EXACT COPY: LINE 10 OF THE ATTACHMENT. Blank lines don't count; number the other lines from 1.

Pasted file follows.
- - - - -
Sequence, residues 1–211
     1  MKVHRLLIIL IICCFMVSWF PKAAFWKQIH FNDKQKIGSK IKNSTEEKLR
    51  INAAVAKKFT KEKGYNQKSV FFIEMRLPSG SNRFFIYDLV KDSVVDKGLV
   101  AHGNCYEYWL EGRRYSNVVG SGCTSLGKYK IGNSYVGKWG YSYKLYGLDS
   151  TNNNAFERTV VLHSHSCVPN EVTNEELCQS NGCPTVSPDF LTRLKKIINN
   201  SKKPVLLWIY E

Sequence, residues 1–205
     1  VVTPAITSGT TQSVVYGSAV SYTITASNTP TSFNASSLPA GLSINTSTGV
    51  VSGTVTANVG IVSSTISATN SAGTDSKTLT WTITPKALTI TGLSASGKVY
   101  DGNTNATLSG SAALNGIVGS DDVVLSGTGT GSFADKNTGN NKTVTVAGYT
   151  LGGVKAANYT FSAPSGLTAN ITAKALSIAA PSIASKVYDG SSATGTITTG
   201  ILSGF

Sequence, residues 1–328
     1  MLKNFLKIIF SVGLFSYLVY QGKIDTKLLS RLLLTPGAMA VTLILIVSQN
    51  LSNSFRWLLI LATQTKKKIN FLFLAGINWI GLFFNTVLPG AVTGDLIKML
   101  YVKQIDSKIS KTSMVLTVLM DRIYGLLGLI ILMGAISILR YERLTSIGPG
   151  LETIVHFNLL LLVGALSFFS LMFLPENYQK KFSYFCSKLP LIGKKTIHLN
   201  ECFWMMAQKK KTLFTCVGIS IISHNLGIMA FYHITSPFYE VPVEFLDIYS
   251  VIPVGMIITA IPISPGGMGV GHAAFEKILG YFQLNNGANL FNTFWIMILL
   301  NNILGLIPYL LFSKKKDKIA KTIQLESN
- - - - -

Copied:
   101  DGNTNATLSG SAALNGIVGS DDVVLSGTGT GSFADKNTGN NKTVTVAGYT